The magic 10% - the benefits of losing 10% of your body weight

Magazines are full of amazing stories of people losing half their body weight, and of course for people who are extremely overweight, sometimes that is necessary. But did you know that losing just 10% of your body weight could make a huge difference to your health?

How much is 10%, though? Well, if you weigh 11 st, that's 15 lbs - or just over a stone. If you weigh 10 st, that's 14 lbs - exactly a stone. Of course if you're a sylph-like 8 st, you almost certainly shouldn't be trying to lose weight: this is only for those who genuinely are overweight. But if you are overweight, losing 10% is not only manageable but beneficial.

Here are five powerful reasons to lose 10%:

1. It will help you live longer. Losing between 5% and 10% of your body weight can bring about a significant improvement to your blood pressure, blood cholesterol and blood sugar levels, and reduce your risk of heart disease and diabetes

2. It will help your knees. Excess weight can put stress on your knee joints, but losing between 5% and 10% of your body weight will take the pressure off your joints and help them to move more easily

3. It will improve your sleep. If you're overweight, the fat around your neck can obstruct your airways as you sleep, and sleep apnoea, which causes people to stop breathing for short periods throughout the night, has been linked to obesity. In a study published in the Archives of Internal Medicine, obese adults diagnosed with sleep apnoea who lost an average of 24 lbs experienced fewer pauses in breathing, and 14% found their sleep apnoea completely cured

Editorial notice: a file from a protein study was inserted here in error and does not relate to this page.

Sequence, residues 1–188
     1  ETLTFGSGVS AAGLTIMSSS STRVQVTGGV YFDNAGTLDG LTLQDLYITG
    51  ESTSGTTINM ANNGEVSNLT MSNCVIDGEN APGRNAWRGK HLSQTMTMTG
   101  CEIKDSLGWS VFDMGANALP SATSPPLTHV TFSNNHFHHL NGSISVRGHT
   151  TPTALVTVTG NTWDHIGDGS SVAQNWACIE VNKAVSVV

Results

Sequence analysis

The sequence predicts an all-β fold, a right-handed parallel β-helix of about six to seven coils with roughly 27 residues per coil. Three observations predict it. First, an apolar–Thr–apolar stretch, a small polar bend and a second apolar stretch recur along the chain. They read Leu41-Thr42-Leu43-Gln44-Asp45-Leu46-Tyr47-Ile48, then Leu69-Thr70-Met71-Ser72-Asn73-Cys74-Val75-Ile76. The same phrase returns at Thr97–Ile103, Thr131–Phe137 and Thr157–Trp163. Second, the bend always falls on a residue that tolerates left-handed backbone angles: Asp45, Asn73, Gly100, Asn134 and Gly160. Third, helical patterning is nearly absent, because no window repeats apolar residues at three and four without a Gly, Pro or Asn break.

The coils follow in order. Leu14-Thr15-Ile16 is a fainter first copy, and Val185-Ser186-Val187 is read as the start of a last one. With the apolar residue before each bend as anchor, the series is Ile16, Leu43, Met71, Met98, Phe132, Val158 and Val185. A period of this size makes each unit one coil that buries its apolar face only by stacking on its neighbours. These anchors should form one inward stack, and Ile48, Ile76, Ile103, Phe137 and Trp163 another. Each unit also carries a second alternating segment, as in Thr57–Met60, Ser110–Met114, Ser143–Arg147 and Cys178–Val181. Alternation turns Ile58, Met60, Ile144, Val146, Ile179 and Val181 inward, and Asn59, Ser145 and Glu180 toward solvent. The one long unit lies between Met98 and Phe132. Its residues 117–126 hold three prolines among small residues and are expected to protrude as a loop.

4. You'll have more energy. People carrying excess weight often complain of feeling tired and lethargic, as carrying around excess weight takes its toll on the body. Many people who lose even a modest amount of weight report improved energy levels almost immediately

5. You'll have better bladder control. People don't like to talk about it, but the truth is that urinary incontinence is often linked to obesity. In a Brown University study, women who lost between five and 10% of their body weight significantly reduced their number of urinary incontinence episodes.

If you're in any doubt about whether you should lose weight, how much you should lose and how to go about doing it safely, speak to your GP.

Patricia Carswell is a freelance journalist and award-winning blogger specialising in health and fitness. She has written for the Daily Telegraph, the Guardian, the Observer, the Independent, Times Online, the Daily Mail, the Daily Express, Metro and a wide variety of national magazines and websites. She blogs at  and and has a particular interest in fitness for the over-40s.


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